My understanding is that regularization will generally help prediction tasks. What about for situations where we want to conduct a study to understand the effect of a specific predictor on the dependent variable? Is it fair to say that we should use multiple regression instead of something like ridge in this case since the multiple regression coefficients aren't biased?

Correct me if I'm wrong, but I think what I'm basically trying to ask if there is any place for Ridge Regression in inference tasks?

  • $\begingroup$ Nothing stops you from using ridge in a multiple instance regression setting (i.e. with multiple predictors). I think most people would use Lasso instead of ridge in the case where they want to identify which predictor matters. But in general, if your model does not do a good job at generalising, it would not make sense to quantify importance of predictors. $\endgroup$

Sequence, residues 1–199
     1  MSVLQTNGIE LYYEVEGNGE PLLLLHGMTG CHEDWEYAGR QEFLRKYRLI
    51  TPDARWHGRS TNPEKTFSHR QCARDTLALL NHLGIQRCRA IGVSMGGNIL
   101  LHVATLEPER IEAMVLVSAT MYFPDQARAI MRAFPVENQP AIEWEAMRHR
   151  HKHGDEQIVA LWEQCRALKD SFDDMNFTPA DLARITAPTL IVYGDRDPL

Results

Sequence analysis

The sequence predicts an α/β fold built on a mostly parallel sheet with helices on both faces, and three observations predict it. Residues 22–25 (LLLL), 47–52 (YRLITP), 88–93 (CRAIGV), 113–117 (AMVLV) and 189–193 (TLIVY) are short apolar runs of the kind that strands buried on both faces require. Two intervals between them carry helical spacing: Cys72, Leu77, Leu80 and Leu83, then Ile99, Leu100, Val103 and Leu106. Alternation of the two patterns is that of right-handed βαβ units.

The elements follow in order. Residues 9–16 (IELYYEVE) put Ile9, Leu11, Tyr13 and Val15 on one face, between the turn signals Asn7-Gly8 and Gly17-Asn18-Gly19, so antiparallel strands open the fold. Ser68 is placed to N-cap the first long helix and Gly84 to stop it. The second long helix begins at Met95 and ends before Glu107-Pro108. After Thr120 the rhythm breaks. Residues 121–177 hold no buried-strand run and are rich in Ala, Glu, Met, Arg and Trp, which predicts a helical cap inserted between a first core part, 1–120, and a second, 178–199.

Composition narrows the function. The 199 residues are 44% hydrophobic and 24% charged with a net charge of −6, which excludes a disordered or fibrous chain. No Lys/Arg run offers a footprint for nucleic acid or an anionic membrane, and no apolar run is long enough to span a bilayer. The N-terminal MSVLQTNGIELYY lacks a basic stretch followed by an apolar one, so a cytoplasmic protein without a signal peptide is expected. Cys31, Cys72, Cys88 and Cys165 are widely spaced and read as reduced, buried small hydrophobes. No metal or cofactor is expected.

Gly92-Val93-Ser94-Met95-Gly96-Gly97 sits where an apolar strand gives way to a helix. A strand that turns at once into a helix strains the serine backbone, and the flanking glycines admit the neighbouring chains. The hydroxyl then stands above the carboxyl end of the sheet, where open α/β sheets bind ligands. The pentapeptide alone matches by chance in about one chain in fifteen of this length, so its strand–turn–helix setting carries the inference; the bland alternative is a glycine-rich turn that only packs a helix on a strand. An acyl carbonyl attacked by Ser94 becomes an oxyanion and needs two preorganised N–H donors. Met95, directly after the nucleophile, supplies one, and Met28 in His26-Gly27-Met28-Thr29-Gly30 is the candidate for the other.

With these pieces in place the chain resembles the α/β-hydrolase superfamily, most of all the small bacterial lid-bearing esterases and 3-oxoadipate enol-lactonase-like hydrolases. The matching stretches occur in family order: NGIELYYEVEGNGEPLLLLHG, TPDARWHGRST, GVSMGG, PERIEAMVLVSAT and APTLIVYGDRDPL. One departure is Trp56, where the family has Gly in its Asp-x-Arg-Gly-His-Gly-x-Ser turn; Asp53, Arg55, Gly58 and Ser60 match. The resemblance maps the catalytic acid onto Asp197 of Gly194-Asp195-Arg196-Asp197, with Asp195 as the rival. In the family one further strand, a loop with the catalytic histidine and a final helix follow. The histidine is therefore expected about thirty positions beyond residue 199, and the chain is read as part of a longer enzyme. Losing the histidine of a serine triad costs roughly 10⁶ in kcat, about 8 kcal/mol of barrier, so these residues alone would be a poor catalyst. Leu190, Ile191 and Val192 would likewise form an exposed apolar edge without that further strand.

– Tom
    May 22 '19 at 16:40
  • 1
    $\begingroup$ There is no choice between ridge regression and multiple regression: either, both, or neither may be applied in any circumstance. $\endgroup$
    – whuber
    May 22 '19 at 16:46

Ridge regression does not need to be all-or-none with respect to penalization. It's quite acceptable to penalize covariates that are likely to be important to outcome but not of primary interest in terms of inference. Chen et al show that:

Ridge regression and penalized logistic regression models that penalize all but the coefficient of the exposure may be considered in these types of studies.

Even with penalization of all predictors, it's possible to try bootstrapping to identify predictors that are highly related to outcome. See this page for some ideas.


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